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Canon 60D Fast Start

Lesson 1 of 7



Canon 60D Fast Start

Lesson 1 of 7



Lesson Info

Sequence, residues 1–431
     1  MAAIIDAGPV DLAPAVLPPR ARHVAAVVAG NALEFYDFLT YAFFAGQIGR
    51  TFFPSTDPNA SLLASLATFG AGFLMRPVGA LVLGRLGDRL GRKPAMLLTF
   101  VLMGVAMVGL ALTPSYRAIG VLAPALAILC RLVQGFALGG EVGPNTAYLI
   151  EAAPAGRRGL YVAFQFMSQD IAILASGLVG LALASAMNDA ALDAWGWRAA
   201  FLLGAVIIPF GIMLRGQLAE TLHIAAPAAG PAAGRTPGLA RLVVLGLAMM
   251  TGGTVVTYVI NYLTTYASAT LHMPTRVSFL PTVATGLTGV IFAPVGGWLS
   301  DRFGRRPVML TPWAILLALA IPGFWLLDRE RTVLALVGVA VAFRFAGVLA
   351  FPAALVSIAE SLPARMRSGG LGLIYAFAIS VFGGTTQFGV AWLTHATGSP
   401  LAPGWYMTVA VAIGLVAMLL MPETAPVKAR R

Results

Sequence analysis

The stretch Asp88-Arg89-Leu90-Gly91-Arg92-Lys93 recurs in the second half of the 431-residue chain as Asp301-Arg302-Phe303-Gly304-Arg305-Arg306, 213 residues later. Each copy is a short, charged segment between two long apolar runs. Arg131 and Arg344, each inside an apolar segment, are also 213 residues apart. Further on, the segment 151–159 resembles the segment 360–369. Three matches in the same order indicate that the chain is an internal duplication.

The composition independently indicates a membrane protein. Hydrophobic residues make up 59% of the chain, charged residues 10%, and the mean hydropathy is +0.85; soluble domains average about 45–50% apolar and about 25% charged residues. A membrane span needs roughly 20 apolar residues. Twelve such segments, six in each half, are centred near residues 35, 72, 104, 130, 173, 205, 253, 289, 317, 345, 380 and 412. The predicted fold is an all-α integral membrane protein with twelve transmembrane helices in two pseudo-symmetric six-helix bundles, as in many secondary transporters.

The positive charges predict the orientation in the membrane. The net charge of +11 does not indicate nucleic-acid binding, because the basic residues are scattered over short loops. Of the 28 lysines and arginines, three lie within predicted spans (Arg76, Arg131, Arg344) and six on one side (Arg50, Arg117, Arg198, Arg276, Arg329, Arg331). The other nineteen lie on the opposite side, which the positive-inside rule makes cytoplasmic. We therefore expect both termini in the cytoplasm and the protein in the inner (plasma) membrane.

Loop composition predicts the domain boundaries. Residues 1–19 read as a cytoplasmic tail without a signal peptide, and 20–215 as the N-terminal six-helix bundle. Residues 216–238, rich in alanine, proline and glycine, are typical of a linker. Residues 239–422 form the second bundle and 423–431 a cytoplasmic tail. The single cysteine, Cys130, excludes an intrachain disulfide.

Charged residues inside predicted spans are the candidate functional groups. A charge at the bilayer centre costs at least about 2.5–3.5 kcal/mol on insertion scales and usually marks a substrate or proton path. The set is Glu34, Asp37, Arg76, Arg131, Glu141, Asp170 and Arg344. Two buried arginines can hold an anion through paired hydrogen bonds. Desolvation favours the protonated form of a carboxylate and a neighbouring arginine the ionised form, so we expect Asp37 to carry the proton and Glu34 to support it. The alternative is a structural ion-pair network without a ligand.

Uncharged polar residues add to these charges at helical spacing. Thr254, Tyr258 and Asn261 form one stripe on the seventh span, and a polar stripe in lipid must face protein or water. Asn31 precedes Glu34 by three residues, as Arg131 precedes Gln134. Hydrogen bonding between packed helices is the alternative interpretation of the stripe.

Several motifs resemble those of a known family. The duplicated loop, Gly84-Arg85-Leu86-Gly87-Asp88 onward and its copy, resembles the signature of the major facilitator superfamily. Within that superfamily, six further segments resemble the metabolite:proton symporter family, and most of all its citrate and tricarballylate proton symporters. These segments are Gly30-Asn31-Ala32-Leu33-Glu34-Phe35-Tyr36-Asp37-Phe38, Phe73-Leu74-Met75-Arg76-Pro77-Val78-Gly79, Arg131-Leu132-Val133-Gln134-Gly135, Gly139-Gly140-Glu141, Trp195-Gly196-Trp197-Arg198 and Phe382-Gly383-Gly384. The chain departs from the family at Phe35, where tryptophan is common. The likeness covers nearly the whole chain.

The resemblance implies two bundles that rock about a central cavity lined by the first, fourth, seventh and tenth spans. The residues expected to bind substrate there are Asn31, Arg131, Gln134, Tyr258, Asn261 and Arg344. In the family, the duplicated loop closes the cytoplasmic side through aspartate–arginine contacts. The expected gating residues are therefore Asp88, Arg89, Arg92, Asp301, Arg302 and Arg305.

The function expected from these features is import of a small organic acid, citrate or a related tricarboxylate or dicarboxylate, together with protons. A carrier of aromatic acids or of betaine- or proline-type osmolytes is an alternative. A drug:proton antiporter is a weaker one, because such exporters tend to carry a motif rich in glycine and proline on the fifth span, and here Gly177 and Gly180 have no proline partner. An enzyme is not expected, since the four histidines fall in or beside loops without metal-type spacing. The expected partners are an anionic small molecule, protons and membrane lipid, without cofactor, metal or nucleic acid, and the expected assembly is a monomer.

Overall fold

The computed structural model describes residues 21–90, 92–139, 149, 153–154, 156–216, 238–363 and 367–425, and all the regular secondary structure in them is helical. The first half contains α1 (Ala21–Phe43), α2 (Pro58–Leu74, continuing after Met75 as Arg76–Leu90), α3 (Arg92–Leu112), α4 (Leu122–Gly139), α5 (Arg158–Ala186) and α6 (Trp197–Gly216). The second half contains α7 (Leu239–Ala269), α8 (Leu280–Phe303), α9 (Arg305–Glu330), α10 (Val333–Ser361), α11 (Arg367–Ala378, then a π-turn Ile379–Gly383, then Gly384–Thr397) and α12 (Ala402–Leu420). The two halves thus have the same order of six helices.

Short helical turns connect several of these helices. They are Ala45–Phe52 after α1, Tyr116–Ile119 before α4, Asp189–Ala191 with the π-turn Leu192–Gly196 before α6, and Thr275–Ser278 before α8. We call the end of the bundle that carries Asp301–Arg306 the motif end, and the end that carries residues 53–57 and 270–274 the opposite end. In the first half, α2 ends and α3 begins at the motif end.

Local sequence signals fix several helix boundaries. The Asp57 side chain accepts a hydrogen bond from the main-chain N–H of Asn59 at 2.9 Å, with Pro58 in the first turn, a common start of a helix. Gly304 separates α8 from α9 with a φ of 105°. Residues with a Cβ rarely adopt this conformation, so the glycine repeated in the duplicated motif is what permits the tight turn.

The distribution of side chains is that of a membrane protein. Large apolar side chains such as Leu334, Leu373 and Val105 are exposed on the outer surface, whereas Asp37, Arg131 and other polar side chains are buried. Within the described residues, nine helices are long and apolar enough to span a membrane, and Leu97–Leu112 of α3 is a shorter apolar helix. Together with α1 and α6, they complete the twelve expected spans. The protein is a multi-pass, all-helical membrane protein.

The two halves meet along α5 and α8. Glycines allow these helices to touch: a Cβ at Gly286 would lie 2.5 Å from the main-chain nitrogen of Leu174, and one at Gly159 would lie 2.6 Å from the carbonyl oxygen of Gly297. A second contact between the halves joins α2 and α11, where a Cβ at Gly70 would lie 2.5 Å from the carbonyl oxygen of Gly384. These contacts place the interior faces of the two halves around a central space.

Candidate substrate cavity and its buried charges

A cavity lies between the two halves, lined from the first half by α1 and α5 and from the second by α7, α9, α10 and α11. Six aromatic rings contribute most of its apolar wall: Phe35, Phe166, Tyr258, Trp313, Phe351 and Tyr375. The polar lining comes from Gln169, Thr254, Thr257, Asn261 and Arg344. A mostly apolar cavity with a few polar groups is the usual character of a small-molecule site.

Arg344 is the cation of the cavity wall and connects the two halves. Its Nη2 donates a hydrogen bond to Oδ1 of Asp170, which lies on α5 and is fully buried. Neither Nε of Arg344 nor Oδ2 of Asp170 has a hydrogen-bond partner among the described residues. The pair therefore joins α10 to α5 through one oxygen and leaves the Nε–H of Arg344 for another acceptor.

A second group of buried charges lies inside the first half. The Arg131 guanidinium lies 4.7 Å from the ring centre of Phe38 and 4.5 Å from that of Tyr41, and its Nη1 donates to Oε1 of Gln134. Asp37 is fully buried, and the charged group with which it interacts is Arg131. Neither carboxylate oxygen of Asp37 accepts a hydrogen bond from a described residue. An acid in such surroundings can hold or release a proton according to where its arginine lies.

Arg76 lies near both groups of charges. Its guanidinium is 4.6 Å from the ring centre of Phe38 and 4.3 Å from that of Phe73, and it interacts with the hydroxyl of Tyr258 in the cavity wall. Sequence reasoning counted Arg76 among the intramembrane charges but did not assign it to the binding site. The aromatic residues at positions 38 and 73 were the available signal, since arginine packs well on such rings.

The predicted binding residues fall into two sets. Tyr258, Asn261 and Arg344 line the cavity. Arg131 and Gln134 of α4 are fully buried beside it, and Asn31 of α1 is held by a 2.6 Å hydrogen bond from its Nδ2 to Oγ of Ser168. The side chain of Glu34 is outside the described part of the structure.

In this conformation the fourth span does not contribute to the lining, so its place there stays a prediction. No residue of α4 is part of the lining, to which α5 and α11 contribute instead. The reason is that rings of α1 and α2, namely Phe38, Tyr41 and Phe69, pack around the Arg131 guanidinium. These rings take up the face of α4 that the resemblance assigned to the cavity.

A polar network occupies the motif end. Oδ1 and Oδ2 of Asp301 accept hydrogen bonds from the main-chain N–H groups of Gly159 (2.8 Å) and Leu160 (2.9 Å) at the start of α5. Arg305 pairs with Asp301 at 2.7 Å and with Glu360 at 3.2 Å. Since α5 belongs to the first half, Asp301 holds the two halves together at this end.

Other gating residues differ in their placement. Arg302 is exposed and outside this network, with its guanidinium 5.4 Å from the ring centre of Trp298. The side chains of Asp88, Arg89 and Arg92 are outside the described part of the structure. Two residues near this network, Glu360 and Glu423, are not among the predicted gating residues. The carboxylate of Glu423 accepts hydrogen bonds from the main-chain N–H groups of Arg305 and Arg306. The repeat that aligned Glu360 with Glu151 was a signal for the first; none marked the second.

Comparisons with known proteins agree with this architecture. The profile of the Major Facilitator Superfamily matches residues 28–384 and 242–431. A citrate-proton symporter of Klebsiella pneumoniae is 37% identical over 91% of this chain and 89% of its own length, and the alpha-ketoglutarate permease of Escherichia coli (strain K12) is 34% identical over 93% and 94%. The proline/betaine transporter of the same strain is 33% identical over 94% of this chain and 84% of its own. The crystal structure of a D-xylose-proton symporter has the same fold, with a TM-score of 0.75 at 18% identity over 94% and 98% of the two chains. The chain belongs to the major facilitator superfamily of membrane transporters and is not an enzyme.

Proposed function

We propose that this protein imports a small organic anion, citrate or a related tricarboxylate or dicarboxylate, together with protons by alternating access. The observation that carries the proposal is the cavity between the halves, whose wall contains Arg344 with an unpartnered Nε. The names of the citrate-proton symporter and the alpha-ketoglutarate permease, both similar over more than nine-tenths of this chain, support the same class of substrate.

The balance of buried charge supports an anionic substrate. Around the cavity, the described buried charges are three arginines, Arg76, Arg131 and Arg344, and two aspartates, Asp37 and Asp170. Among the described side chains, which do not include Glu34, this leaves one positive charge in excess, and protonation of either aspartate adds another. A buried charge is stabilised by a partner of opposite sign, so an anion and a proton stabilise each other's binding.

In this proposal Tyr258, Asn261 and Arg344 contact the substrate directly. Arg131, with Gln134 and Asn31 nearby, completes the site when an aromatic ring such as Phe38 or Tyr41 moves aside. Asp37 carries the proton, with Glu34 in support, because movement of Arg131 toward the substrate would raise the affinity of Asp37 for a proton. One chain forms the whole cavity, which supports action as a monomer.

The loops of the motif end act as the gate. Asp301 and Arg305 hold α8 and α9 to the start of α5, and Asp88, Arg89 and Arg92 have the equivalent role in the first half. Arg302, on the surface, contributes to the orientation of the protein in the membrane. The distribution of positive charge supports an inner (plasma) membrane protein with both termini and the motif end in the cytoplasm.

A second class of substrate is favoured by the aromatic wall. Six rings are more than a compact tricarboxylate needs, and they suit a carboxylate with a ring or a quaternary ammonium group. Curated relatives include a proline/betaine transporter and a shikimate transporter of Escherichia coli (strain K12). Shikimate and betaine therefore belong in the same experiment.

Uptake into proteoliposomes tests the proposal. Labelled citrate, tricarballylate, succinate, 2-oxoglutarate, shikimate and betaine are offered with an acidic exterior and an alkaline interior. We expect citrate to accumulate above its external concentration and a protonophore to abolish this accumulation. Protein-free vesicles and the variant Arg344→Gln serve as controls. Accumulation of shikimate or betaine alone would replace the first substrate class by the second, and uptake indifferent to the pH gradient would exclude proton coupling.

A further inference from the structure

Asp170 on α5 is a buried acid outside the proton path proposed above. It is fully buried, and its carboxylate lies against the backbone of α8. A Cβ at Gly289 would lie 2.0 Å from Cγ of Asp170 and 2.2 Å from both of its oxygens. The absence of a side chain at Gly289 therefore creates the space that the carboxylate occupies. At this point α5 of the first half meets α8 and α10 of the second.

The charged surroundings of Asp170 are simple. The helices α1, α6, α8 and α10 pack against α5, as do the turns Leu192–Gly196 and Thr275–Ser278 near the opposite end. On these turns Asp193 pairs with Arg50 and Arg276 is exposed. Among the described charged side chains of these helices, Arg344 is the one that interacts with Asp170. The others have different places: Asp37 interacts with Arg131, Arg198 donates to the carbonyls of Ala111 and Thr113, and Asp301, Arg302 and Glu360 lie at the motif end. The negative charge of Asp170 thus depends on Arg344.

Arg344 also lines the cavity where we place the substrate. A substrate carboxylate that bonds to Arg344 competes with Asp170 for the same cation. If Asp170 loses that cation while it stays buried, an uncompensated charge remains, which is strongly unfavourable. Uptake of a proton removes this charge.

Welcome everybody to detest sahar fast start my name is john gringo, and in this class we're going to talking about the cannon sixty d this is a new camera from cannon just been out for a very short period of time. It is aimed, I would say, primarily for the intermediate level photographer, but it is certainly capable of professional quality results because it has a lot of manual controls and a lot of great features on it. It's got a lot of automatic and simple modes for the beginner photography, but like any instrument, if you don't know how to use it, you're not going to get the best results out of it. And so this class is all about learning what the camera can do and how to do it and how best to set it up. So let's, go ahead and get started, so give me an overview of what's going to be going on in this class. First off, we're going to be looking at the product, looking at cannes in some of the lenses and just kind of what you've got yourself into by getting a cannon sixty d after th...